Originally published 05/21/2013
Safely guarded in an air-conditioned vault in Atlanta, Georgia, lies one of western society's most valuable artefacts. So valuable, that its owner could lose millions if anyone so much as got a look at it. That's what Coca-Cola would have us believe anyway , claiming the only original copy of the soft drink's top-secret recipe lies underneath its US headquarters. But one man is threatening to lift this veil of secrecy this week as he claims to publish a copy of the original formula in a new book. Historian Mark Pendergrast says the recipe was handed down through the family of Frank Robinson, the commercial partner of chemist John Pemberton, who first produced the drink in the summer of 1886.In the third edition of his book, For God, Country and Coca-Cola: The Definitive History of the Great American Soft Drink and the Company That Makes It', Pendergrast reproduces what he claims to be the same recipe that Pemberton devised over 125 years ago. Among the ingredients in the book are sugar, lime juice, nutmeg and coriander.
Originally published 03/25/2013
Lots of people know about how Coca-Cola used to contain cocaine or how Pepsi was the hip drink in the 1960s. Few realize that Coke marketed assiduously to whites, while Pepsi hired a "negro markets" department. Put more bluntly, Coke was made for white people. Pepsi was made for black people. Over the course of the decades and the seemingly limitless growth of the soft drink industry, the companies have expanded their marketing departments and launched myriad campaigns to discourage the idea that either appealed to a specific race. And now, in 2012 as Mayor Bloomberg plays tough against continued opposition to his ban on soft drinks, the complicated racial dynamics of the industry are exposed once again, as the NAACP works to reverse the ban, thanks, in part, to donations from Coca-Cola....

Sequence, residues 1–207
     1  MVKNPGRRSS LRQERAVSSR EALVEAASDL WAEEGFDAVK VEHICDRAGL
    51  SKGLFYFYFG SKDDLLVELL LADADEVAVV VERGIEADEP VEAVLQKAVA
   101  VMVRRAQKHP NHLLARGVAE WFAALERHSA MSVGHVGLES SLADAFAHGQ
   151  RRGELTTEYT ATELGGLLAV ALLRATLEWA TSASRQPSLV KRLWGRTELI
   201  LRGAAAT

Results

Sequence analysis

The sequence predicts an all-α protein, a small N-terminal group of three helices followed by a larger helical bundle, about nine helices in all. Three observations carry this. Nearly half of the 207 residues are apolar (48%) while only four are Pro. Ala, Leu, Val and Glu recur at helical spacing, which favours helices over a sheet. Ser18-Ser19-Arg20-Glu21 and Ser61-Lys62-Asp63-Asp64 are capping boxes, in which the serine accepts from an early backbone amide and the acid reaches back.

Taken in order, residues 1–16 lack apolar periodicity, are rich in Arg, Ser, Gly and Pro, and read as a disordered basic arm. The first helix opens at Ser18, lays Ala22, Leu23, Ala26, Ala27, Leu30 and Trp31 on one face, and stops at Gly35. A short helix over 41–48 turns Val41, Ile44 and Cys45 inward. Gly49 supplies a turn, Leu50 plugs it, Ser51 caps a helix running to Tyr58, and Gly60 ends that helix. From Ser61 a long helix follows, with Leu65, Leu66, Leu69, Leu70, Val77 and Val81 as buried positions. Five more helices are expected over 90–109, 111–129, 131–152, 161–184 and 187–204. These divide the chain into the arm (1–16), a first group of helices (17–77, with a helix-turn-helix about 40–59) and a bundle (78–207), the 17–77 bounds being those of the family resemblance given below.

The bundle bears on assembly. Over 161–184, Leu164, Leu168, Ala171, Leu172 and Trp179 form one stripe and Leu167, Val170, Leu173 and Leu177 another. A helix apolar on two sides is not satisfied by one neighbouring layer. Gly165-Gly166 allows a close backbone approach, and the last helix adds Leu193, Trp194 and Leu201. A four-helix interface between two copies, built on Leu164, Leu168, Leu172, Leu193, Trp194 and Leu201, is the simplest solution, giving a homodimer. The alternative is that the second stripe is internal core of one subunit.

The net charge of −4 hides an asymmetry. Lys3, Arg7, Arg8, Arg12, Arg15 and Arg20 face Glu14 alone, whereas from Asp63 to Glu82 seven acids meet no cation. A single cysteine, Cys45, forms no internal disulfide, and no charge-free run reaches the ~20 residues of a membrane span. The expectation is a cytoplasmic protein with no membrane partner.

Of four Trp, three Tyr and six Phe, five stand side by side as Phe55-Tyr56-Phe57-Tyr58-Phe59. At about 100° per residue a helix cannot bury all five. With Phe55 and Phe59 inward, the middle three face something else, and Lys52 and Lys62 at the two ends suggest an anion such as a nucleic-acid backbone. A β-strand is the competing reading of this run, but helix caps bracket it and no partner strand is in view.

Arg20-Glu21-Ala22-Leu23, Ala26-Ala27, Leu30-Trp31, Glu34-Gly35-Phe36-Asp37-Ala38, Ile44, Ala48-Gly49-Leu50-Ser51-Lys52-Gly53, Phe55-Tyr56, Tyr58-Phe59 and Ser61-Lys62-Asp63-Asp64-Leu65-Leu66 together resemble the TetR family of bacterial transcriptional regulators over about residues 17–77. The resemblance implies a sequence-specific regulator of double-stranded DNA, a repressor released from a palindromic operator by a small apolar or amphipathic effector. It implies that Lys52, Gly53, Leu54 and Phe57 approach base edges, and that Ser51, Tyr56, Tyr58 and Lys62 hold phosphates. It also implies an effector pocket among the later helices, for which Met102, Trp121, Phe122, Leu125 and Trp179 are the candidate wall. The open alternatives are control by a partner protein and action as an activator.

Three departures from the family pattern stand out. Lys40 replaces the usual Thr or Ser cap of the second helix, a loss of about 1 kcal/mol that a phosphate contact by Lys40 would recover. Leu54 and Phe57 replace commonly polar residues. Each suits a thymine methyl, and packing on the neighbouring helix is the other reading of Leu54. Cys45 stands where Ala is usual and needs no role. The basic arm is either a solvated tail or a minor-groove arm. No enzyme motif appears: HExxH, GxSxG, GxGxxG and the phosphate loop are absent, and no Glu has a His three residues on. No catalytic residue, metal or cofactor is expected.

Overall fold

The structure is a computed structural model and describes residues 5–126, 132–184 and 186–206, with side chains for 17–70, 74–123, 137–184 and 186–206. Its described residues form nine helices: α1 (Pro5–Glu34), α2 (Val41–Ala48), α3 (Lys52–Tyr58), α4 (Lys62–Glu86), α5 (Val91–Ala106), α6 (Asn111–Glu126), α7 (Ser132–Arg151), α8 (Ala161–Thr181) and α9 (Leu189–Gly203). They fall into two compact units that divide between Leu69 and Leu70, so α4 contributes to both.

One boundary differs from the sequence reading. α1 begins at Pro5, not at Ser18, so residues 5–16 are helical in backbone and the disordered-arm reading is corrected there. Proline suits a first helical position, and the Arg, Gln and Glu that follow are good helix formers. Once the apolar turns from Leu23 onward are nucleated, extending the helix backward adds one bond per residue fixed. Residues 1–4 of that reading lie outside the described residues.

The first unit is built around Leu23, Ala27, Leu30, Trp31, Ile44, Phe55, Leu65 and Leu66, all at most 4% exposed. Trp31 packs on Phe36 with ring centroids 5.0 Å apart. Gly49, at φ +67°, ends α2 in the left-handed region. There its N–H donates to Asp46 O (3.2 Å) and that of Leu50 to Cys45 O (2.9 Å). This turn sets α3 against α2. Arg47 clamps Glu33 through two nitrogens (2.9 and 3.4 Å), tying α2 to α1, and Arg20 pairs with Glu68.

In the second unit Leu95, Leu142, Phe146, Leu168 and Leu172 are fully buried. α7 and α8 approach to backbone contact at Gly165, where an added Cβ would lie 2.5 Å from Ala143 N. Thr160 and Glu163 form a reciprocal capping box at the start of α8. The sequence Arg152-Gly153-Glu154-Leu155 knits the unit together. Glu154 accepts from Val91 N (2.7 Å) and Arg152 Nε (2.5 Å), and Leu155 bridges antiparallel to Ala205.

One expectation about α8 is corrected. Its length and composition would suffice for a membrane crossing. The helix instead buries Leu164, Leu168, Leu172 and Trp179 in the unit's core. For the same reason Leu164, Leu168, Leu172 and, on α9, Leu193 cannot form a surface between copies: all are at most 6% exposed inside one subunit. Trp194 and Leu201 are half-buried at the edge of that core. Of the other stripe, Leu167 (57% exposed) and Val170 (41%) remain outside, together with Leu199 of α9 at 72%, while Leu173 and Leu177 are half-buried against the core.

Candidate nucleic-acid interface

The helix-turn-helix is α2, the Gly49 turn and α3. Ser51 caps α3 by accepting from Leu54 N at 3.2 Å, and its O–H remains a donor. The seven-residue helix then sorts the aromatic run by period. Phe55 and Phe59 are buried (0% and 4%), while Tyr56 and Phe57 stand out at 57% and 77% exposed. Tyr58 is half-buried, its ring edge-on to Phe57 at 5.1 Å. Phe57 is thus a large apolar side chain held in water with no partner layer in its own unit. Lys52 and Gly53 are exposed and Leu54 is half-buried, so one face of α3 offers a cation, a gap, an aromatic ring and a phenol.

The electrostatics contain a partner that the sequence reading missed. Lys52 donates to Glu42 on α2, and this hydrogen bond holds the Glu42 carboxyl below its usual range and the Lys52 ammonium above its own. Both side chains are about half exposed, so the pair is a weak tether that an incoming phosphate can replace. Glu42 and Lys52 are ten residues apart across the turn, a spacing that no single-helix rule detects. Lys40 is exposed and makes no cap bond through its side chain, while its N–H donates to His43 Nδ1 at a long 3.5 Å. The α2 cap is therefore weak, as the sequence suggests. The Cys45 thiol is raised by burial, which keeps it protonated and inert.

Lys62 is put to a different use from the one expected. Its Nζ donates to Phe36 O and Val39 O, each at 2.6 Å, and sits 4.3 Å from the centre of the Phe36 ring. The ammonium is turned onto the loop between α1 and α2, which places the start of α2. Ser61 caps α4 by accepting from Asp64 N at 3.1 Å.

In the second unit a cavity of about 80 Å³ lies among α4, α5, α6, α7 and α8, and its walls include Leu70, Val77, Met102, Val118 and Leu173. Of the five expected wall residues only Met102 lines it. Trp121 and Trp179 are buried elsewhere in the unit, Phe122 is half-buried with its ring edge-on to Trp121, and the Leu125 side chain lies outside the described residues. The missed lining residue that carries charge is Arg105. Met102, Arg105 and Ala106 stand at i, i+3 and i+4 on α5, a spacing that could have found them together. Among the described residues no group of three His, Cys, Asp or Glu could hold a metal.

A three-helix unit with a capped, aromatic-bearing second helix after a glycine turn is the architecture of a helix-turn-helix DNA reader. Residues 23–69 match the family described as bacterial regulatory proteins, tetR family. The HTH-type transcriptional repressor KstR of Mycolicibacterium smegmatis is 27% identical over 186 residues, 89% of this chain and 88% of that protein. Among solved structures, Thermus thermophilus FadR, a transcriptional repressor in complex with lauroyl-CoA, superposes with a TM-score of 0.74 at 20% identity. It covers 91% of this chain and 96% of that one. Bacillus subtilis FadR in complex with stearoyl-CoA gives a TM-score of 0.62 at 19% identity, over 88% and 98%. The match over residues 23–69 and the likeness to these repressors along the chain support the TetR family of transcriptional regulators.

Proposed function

Originally published 01/29/2013
Grace Elizabeth Hale, a professor of history and American studies at the University of Virginia, is the author, most recently, of “A Nation of Outsiders: How the White Middle Class Fell in Love With Rebellion in Postwar America.”THE opposition by the New York State chapter of the N.A.A.C.P. to Mayor Michael R. Bloomberg’s restrictions on sugary soda caught many Americans by surprise. But it shouldn’t: though the organization argues it is standing up for consumer choice and minority business owners, who it claims would be hurt, this is also a favor for a stalwart ally — Coca-Cola alone has given generously to support N.A.A.C.P. initiatives over the years.This is more than a story of mutual back-scratching, though. It is the latest episode in the long and often fractious history of soft drinks, prohibition laws and race.
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